When will SpaceX Starlink IPO? Elon Musk reveals what needs to change

CEO Musk suggested the company's satellite internet business could file an initial public offering. But don't hold your breath.

Saul Martinez/Getty Images News/Getty Images

Want to own a piece of SpaceX?

SpaceX could open its satellite internet business to investment from the general public, CEO Elon Musk suggested Monday.

The space firm is perhaps Musk's most famous business, alongside electric car firm Tesla, but unlike Tesla it does not offer shares to the general public. Tesla was founded in 2003, and filed for an initial public offering in 2010, at $17 per share. Tesla shocked investors when its total market valuation soared past $400 billion this year, making it the most valuable automaker in the world.

Musk founded SpaceX in 2002, but has yet to announce any plans for a similar "IPO" to allow members of the public to invest.

On his Twitter page Monday, Musk declared that the company will "probably" hold an initial public offering for the Starlink aspect of SpaceX's business. This covers the satellite internet constellation SpaceX is in the process of launching. The system is designed to provide high speed, low latency internet.

But before that happens, some things will need to change:

"We will probably IPO Starlink, but only several years in the future when revenue growth is smooth & predictable. Public market does *not* like erratic cash flow haha. I’m a huge fan of small retail investors. Will make sure they get top priority. You can hold me to it."

The comments hint at the biggest problem with investing in SpaceX: Musk has focused the company on research into long-term projects with future payoffs. Musk voiced concerns going public could hinder goals like sending humans to Mars and establishing a city.

In Ashlee Vance's 2015 biography on Musk, the CEO reportedly sent an email to all SpaceX staff in 2013 about going public. He explained he was " increasingly concerned about SpaceX going public before the Mars transport system is in place." This, he claimed, has "always" been the company's number one goal. With the "long term nature" of the company's goal, and Musk's experience of going public with Tesla and SolarCity, Musk explained he was "hesitant to foist being public on SpaceX."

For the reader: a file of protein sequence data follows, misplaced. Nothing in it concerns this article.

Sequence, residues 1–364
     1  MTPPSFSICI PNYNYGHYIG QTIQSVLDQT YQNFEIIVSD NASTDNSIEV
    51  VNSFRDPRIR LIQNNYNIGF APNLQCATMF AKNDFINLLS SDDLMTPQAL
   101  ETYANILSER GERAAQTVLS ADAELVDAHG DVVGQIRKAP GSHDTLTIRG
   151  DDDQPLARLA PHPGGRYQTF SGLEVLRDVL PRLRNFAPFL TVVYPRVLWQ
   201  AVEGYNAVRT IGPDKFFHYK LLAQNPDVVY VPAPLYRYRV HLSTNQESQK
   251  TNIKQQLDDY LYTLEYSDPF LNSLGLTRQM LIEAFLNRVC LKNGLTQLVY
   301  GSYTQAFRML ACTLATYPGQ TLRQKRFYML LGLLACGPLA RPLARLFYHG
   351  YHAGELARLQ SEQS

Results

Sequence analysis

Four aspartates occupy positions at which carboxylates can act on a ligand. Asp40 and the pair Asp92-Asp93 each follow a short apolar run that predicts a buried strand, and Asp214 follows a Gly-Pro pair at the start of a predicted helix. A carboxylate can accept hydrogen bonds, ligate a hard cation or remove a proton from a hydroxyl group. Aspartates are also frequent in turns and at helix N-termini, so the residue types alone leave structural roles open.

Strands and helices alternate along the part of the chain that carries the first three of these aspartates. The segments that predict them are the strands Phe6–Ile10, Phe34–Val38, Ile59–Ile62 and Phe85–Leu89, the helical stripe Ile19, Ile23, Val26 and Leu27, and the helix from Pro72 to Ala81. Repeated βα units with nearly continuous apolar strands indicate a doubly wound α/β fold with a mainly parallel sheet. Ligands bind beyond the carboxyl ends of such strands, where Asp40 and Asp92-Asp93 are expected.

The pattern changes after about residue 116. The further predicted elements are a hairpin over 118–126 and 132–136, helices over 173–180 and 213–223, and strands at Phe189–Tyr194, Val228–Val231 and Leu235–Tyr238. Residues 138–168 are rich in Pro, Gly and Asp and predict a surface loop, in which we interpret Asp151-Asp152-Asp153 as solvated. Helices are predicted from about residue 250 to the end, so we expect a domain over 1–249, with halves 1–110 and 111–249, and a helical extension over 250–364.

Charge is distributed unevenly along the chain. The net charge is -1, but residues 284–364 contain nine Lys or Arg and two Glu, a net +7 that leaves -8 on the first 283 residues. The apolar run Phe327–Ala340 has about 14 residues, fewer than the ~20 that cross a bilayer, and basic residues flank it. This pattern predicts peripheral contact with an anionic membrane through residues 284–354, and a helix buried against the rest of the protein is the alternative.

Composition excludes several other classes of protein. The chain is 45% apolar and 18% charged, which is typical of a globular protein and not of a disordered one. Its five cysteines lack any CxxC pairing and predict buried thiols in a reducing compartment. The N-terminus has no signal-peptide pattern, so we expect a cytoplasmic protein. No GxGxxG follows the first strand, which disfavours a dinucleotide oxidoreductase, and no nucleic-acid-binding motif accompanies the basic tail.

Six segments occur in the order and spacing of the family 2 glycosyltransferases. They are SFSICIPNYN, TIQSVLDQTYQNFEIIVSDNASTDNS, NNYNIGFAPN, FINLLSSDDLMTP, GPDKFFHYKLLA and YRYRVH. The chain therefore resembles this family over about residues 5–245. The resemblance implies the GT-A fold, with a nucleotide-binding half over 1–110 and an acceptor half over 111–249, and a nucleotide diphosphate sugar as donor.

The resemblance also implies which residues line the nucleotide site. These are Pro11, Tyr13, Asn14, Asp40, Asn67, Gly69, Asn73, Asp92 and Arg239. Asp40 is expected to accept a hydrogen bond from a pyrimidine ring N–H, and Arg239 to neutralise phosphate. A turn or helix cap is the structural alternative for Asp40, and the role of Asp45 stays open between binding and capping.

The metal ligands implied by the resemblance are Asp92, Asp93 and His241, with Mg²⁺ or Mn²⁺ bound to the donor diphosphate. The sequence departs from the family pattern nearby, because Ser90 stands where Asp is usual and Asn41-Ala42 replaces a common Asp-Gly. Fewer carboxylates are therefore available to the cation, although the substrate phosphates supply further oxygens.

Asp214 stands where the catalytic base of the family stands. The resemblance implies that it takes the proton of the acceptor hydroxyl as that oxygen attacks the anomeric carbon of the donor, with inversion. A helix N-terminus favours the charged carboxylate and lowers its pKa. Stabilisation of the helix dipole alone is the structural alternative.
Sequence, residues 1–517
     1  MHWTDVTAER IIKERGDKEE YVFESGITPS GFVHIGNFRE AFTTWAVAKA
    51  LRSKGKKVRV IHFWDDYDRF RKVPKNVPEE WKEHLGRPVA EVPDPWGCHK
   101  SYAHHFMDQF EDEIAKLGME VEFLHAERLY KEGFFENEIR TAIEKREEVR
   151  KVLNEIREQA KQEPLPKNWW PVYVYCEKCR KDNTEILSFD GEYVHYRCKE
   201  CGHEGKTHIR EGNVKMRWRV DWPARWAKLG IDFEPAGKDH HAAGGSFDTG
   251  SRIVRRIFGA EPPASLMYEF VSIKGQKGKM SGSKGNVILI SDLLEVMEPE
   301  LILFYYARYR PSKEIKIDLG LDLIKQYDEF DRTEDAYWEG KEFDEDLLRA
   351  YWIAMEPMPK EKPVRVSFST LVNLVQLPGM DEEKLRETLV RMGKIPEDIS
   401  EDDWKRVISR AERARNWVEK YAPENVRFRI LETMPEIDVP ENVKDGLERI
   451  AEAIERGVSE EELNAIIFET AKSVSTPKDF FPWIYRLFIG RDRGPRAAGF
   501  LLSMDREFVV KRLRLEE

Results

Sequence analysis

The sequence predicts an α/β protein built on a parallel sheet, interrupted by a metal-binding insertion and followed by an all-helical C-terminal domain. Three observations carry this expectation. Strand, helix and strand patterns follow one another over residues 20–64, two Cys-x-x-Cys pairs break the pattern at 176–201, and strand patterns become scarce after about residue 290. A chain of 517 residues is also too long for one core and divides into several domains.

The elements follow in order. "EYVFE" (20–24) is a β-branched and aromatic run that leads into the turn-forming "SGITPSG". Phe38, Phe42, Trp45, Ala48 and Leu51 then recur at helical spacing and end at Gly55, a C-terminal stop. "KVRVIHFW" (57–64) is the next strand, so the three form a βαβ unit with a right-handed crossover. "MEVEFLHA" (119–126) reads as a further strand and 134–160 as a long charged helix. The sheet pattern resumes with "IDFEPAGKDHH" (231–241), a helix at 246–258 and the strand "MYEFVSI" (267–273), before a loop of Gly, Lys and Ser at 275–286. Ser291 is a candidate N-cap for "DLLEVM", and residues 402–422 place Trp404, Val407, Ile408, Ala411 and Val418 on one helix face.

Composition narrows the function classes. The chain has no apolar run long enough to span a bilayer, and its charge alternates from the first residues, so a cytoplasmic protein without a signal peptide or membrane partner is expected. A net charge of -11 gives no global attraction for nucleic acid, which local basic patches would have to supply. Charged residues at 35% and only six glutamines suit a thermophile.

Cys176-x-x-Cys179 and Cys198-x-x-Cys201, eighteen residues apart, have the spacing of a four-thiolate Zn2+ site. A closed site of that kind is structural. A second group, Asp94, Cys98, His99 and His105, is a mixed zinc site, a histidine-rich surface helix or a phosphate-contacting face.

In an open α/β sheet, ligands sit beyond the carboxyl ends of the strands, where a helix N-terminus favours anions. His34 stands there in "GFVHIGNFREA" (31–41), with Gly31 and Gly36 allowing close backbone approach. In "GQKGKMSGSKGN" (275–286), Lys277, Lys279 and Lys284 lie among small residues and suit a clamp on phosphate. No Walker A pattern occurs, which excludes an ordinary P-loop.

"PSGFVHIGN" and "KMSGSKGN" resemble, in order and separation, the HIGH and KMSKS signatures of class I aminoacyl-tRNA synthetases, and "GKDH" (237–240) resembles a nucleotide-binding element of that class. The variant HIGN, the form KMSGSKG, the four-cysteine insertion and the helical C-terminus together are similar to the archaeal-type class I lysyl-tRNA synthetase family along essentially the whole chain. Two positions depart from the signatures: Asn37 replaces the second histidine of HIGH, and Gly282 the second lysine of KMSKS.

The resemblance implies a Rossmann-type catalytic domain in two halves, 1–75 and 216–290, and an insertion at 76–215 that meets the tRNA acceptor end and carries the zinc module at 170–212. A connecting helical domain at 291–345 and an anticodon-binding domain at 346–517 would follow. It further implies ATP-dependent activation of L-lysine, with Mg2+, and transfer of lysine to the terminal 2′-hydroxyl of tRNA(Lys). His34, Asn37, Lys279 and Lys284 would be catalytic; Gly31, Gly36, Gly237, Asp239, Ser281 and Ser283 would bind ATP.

SpaceX's concept for a Mars city.


Starlink, with its focus on better internet access, could be a different story. The service is made up of a series of thousands of satellites orbiting at a low altitude, around 550 kilometers, offering gigabit internet speeds and faster response times than traditional satellite internet providers. SpaceX launched the first batch of 60 satellites in May 2019, and at the time of writing has launched a further 11 batches. It has begun a private beta service for selected testers, and old marketing literature claims it would offer services in the United States and Canada sometime in 2020.

It's unclear how much SpaceX could make from Starlink, but Musk has provided optimistic estimates. In May 2019, he told reporters the global internet connectivity industry accounts for around $1 trillion in revenue per year. SpaceX, he claimed, could access three or even five percent of that market. Musk said the firm believes "we can use the revenue from Starlink to fund Starship." Musk once estimated that a city on Mars could cost up to $10 trillion.

It's not the first time SpaceX representatives have suggested Starlink could IPO. Company president Gwynne Shotwell told Bloomberg in February that Starlink is "an element of the business that we are likely to spin out and go public." But the following month Musk said at the Satellite 2020 conference in Washington, DC that he was putting "zero" thought into the idea.

The Inverse analysis – SpaceX fans are keen to put their money into the company and show their support. While there are some indirect ways to invest, a Starlink IPO could be more appealing to some.

Musk has suggested before that he sees IPOs as a hindrance to long-term goals like the ones at SpaceX, and in 2018 he famously tried to take Tesla private in part to "remain focused on our long-term mission." It's also likely that investors would scrutinize SpaceX's ambitious plan to spend up to $10 trillion on a city on Mars. But for a business like Starlink, aimed at steadily generating revenue rather than spending trillions on a far-flung vision, investment may be a more enticing prospect.

As noted Monday, though, SpaceX will have to make Starlink's revenue look more predictable to satisfy investors.

Related Tags